Recruiting That Makes Sense:
Chasing Activities vs. What Actually Matters

Researched and written by Rose Frances Owens

We want to leverage technology to do
what people shouldn’t, so that we can
leverage people to do what technology cannot.
TINA DUCCINI, TALENT ACQUISITION MANAGER, ZILLOW

EXECUTIVE SUMMARY

The use of Artificial Intelligence (AI) within the recruitment industry is growing at a steady pace. By utilizing this quickly-evolving technology, recruiters can spend less time on administrative tasks and focus their energy on creating a top-of-the-line candidate experience.

It is no secret that the current employment market favors job-seekers, and this makes finding skilled talent quickly a high priority for businesses. With climbing average turnover rates and reduced unemployment, recruiters and sourcers – especially those in the tech sector – must tweak their practices and forego many of the traditional recruiting methods of years past.

Traditional recruiting methods like creating run-of-the-mill job descriptions, posting job openings on various job boards, and tracking unquantifiable metrics can cost companies time and money.
Adopting modern recruiting tactics and leveraging AI is becoming increasingly essential for employers to attract and retain skilled candidates who will keep them competitive.

AI recruitment software platforms help recruiters make the most out of a candidate search. By weeding out unqualified candidates, nixing recruitment bias, and aggregating information into one user-friendly platform, AI software allows recruiters to deliver better results to their clients with speed.
In other words: AI does not eliminate the demand for recruiters. Rather, it elevates recruiters’ potential by allowing them to engage in meaningful interaction with hiring teams and the qualified candidates they’re searching for.

In other words: AI does not eliminate the demand for recruiters. Rather, it elevates recruiters’ potential by allowing them to engage in meaningful interaction with hiring teams and the qualified candidates they’re searching for.

TODAY’S EMPLOYMENT MARKET

It is common knowledge among recruiters that the job market is becoming increasingly competitive for those looking to hire. According to a study conducted by the Work Institute, by 2023 more than one in three employees will leave a job voluntarily every year (Work Institute, 2019).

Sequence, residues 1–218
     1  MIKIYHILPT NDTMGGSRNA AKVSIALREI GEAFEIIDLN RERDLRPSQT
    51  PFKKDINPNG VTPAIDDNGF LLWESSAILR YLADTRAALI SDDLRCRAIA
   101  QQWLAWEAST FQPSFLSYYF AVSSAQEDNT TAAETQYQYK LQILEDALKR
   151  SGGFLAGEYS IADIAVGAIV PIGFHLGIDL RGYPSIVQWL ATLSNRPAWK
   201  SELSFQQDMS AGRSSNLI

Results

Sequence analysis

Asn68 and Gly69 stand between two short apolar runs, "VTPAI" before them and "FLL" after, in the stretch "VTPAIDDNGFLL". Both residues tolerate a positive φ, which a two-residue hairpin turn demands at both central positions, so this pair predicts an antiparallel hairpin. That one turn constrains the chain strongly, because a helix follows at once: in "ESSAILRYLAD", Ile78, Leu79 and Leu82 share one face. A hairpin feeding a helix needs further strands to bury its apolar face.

Why?

Because in today’s market, employees have the right to do so. Employee turnover has climbed 88% and unemployment has dipped by 57% in the past decade. This means that recruiters need to be more vigilant than ever when it comes to sourcing skilled candidates, especially in extremely competitive sectors like the tech industry (Work Institute, 2019).

Technology is growing at a rapid pace and companies are having a difficult time filling positions with qualified individuals.

Josh Bersin – Forbes author and founder of Bersin by Deloitte, a renowned talent analytics consulting company – aptly puts it, “While there are a lot of jobs open, we are seeing an increasingly wide gap between the jobs being created and the skills and experiences in the workforce to fill them” (Forbes, 2018).

In June 2019 alone, the U.S. Bureau of Labor Statistics reported that employment within the sector increased by 30,000 jobs (BLS, 2019)

While the demand for Java and .NET developers may have decreased slightly, there has been a notable jump in demand for software developers, systems analysts, CIOs/IT managers, and industrial engineers, among other positions (CompTIA, 2019). Add to that the plethora of emerging positions like AI ethicists, data governance officers, 3D printing engineers, and data modelers – you can see that there is clearly a pressing need for skilled labor.

As the need for employees in the tech sector and other industries rise, employers are struggling to attract and retain top talent. Job openings are so plentiful that many employed individuals do not hesitate to resign from their current positions if they are not happy with their employers.

The Addison Group found that 79% of workers are “likely or very likely to job search after one bad day at work,” and that 69% of employees are “optimistic or very optimistic about their ability to find a new job” (The Addison Group, 2019). This means that jobseekers are more empowered and discerning in their employment decisions than has ever been the case in recent history.

Companies lose $15,000, on average, for every employee that resigns. Given the current employee turnover rate, voluntary resignations cost companies in the United States $475 billion annually. An even more jarring statistic is that 43 out of 100 employees leave their jobs within the first 90 days of employment (Work Institute, 2019).

This is why more companies are looking for the help of recruiters to fill positions with candidates that match a very specific skill set. Unfortunately, many recruiters use outdated recruiting methods that only add to high turnover rates and increase the overall time-to-fill within job vacancies.

As Troy Dixon, IT recruiter of IQTalent Partners, shared: “Talent acquisition has turned into a much more strategic function. There is a lot of competition involved. A combination of tools, technology, and strategy is needed in order to find the appropriate candidate and many organizations today aren’t ready for the rapid changes in recruiting.” Recruiters and organizations alike must better equip themselves with the necessary technology to streamline and automate candidate sourcing and speed up the process.